Five vie for three school board seats

Posted: Wednesday, September 21, 2005

What are the three biggest challenges facing the Kenai Peninsula Borough School District? Candidates' response to that and other topics are as widespread as are the board seats in this 25,600-square-mile district, with five candidates running for three three-year terms:

Debra K. Mullins, School Board Seat 3, Nikiski;

Victoria E. Pate "Vicki," School Board Seat 3, Nikiski;

John Nels Anderson, School Board Seat 4, Soldotna;

Debbie Holle Brown, School Board Seat 7, Central; and

Wayne Wong, School Board Seat 7, Central.

Collectively, the five candidates identified numerous challenges facing the district, including availability of resources, home schooling, small school class offerings, vocational classes, community support, lowering the pupil-to-teacher ratio, maintaining a learning environment, maintaining choices that allow parents to select the schools that work best for their children, contract negotiations and funding.

"In order to address these issues adequately, I need to first understand all the facts," said Wong, who lives in Clam Gulch and is a first-time school board candidate. "I am certain that these challenges have been looked at previously. Nevertheless, I have a strong desire to serve and believe where there is a will good things can happen."

Representing the unrepresented is the reason Pate, also a first-time candidate, said she chose to run for the board.

"Parents who educate privately — either at home or utilizing a private school — plus childless taxpayers who object to forced subsidy of government schooling are currently not being represented by the school board," Pate said. "I am running to give them a voice."

Anderson, who is running uncontested, has been on the school board since 1993. Brown was elected to the board in 2003. Mullins served on the school board from 1981 to 1987, and from 1996 until the present.

Ensuring adequate funding of the Kenai Peninsula Borough School District was mentioned by several candidates as a priority. Using statewide area cost differentials, a recent study prepared by the Institute of Social and Economic Research of the University of Alaska indicated the need for a $10.2 million annual increase for the peninsula, the single biggest increase for any district in the state.

When asked what board members can do to ensure adequate funding, Brown said, "I will work with elected borough assembly members and communicate with our state Legislature to describe the needs of the district and the wishes of the families of the peninsula regarding equitable funding for K-12 schools."

Anderson noted restrictions of the board's influence.

"In honesty, the board has limited ability to affect funding period," he said.

Mullins turned the spotlight on the public's responsibility in waging the funding fight.

"I would encourage parents, retirees and general taxpayers to join with school board members in testifying before the Legislature regarding the cost differential study that is currently under review," she said.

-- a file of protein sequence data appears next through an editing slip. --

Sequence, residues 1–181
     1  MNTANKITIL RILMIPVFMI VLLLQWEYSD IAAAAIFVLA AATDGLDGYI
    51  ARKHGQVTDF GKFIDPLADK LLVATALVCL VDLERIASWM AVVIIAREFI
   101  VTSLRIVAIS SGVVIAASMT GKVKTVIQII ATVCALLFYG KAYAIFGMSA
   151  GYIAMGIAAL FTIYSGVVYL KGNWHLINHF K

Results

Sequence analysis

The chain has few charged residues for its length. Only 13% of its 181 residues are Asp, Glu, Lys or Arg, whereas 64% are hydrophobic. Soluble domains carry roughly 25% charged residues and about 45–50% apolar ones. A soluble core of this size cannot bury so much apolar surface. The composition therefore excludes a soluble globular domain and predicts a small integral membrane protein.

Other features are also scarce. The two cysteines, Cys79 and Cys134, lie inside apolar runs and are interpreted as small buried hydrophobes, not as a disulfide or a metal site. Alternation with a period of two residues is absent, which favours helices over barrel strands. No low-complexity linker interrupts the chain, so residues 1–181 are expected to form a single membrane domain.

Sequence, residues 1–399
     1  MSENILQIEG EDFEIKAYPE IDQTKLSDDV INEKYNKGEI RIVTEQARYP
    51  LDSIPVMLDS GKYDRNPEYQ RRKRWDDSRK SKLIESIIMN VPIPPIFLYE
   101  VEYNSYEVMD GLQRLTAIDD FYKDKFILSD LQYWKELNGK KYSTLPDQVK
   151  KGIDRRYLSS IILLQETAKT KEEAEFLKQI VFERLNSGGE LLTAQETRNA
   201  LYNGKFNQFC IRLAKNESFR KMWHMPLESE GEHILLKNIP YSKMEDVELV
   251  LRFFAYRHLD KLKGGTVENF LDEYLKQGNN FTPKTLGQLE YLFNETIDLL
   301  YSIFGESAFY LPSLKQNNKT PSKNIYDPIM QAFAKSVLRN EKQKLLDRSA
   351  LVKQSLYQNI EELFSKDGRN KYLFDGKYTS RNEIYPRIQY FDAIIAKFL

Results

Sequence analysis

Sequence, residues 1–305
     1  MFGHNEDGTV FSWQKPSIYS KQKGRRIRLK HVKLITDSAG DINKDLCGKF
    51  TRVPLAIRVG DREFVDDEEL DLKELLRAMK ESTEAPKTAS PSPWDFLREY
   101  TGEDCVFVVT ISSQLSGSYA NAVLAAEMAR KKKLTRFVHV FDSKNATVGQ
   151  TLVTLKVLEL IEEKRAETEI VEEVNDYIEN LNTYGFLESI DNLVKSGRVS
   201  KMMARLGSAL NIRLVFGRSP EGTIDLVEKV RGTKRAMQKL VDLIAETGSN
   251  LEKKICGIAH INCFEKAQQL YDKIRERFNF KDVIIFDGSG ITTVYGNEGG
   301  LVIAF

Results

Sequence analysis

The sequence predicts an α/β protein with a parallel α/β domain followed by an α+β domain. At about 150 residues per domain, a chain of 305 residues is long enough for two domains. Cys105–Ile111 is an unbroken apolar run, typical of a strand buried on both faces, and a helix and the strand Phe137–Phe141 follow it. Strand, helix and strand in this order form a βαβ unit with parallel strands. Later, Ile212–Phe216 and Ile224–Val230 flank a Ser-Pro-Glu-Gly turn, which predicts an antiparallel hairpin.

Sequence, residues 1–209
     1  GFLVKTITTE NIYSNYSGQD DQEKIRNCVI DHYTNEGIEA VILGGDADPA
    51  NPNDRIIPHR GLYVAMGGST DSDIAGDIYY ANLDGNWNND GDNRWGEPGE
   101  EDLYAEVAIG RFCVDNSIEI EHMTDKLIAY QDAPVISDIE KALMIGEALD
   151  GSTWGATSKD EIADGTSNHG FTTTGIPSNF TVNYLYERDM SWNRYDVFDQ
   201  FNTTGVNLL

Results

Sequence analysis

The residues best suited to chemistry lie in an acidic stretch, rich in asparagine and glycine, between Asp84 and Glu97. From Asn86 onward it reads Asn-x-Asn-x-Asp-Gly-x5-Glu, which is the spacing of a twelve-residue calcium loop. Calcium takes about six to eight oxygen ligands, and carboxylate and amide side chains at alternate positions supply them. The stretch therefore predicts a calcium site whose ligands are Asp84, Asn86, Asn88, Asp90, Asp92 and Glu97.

Support from outside school walls also was highlighted when candidates addressed what can be done to help schools meet adequate yearly progress targets as required by the federally mandated No Child Left Behind act.

"Turn off the TV one night a week and read books as a family," Mullins said.

Wong stressed cooperation between parents and teachers.

"If we all work together, our children will meet these targets and learn important life values, as well," he said.

Brown said district administrators would work with schools to develop a plan for correcting deficiencies, adding, "additional funds and staff will be forwarded to these schools until the problems are corrected."

Anderson, characterizing NCLB as a "well-intended mistake by both political parties," said, "I am not particularly concerned if a school is deficient in one or two of the 31 requirements required by NCLB to pass. I believe we should use the NCLB data to help identify real deficiencies and correct them."

"No Child Left Behind is possible only if all children stand still," Pate said, adding, "We need a generation of problem-solving entrepreneurial individuals for our middle class to survive. We don't need test-taking robots."

Candidates' widest-ranging concerns related to what they would do to benefit the people in their districts. They addressed being guided by what is best for kids, pointed to longevity on the board and years of public service, committed to integrate experience in the professional arena with school board responsibilities, addressed church-sponsored educational programs, offered to facilitate parents' choice to remove children from government schools, pointed out the benefits of an entrepreneurial attitude among teachers and promised to do their best.

The election take place Oct. 4.



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